The yoke and burden of mindfulness

The Yoke and Burden of Mindfulness

For my yoke is easy, and my burden is light.” (NRSV, Matthew 11:30) 

Often, we think spiritual practice is more complicated than it really is.  Or we make it more complicated in our heads to justify not trying it or not staying with it. 

What is mindfulness?  Jon Kabat-Zin is quoted in a Positive Psychology article as offering this: “The awareness that arises from paying attention, on purpose, in the present moment and non-judgmentally”   (https://positivepsychology.com/what-is-mindfulness/)

The opening quote is from the Christian New Testament so am I saying that Jesus advocated mindfulness?  Well, let’s play with that a moment. Jesus talked quite a bit about paying attention, looking for those who had “eyes to see and ears to hear”, which clearly wasn’t everyone.  He also admonished those around him not to judge.  He said there was more to life than the appearances available to our five senses.  Mindfulness is not tied to any religion and for that reason is usually taught as a secular practice.  This does not mean that if our practice is grounded in a spiritual foundation, we can’t build mindfulness into our spiritual practice. 

A yoke can be the yellow of an egg and it can be a tool to keep two animals working together.  While the animals may chaff at the restriction of the yoke, by working together, in alignment, the task is shared and becomes easier.  For me, aligning myself or yoking myself to mindfulness, is simply the practice of reminding myself throughout the day that I am more than my emotions and more than what is happening in my life.  Although I can’t control what other people do or the events that unfold during the day, like traffic or weather, I can always control the thoughts I hold onto.  I can remind myself that in the midst of chaos, there is a peaceful center deep inside my mind.  I do not always go there or I’m not always able to get there, yet I know the peace is always there.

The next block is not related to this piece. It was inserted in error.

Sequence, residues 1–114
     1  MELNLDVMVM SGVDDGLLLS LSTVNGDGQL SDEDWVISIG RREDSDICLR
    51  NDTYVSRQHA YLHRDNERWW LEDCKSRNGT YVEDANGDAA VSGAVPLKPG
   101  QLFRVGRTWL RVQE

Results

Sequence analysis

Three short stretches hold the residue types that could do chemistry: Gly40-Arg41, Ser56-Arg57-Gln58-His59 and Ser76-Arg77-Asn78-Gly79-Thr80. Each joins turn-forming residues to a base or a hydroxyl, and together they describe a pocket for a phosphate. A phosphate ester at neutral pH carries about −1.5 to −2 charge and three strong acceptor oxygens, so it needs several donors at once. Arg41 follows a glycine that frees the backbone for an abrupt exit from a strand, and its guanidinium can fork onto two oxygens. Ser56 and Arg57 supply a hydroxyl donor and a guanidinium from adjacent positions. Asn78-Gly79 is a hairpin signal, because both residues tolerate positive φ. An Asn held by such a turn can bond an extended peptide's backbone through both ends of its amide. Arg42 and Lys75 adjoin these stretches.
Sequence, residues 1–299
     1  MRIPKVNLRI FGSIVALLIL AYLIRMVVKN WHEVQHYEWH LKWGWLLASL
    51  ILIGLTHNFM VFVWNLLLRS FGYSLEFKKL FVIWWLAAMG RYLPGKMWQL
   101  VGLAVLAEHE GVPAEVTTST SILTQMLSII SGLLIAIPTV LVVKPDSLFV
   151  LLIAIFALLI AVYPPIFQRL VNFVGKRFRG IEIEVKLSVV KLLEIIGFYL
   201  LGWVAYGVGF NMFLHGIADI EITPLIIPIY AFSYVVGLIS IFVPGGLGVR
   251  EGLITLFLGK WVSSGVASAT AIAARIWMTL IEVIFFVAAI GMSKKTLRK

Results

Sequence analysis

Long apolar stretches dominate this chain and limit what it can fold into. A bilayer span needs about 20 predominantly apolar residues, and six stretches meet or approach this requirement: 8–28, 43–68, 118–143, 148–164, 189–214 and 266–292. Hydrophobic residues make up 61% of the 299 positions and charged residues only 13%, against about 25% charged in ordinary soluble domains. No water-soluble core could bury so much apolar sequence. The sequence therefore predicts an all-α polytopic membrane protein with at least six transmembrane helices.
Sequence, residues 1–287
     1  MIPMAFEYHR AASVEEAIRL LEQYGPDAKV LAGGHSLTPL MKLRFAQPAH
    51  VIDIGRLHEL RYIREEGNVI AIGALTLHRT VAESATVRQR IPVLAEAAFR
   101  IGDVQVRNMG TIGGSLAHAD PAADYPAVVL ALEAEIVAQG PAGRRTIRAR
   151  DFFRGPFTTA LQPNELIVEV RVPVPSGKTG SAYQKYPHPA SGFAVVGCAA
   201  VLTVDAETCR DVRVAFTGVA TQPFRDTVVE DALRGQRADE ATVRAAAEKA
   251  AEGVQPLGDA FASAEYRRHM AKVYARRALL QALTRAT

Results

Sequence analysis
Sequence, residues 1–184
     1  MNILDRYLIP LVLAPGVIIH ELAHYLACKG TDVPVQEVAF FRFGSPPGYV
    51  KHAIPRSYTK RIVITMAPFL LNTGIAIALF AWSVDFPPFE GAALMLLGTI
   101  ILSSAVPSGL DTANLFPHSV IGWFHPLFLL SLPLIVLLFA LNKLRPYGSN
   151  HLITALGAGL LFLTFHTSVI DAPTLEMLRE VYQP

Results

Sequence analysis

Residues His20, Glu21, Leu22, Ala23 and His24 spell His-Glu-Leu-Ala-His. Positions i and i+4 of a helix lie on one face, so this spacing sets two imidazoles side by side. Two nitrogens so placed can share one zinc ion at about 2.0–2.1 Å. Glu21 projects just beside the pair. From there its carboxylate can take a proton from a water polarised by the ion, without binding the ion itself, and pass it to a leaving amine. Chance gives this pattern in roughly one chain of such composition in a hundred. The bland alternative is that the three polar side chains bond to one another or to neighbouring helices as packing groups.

In the midst of pain or “dis-ease”, in the midst of depression or uncertainty, without judging that human condition, I can notice it and choose to invite my mind to seek out places in my body and my life doing well.  Gratitude can lighten the load of sorrow as I inventory the comfort I sit in, the food available, the flowers on my patio, the delightful way my heart keeps beating.  I have to be “on purpose” to direct my thoughts in specific ways.  I have to bring my conscious awareness to a directed focus rather than let my mind wander in unconscious ways down a familiar rut of suffering by comparison and judging my human condition.  There is some effort to stay in the yoke and then I notice the weight lightening.  From a spiritual perspective, I can add the awareness of the endlessly creative “Radical Wholeness” within me that arises knowing I am created in the image and likeness of the divine. 

Not broken or left out.  I direct my awareness to the web of energy I am a part of, physically in this moment and eternally, in every moment.  The barrier of my body thins as time becomes less relevant and the now expands.

Try on the yoke of mindfulness and see if it lightens your burden.  Image description: a yellow-orangish sunflower with a brown center against the background of green tree and bright blue sky. The rough and prickly stem has two leaves and a bud.

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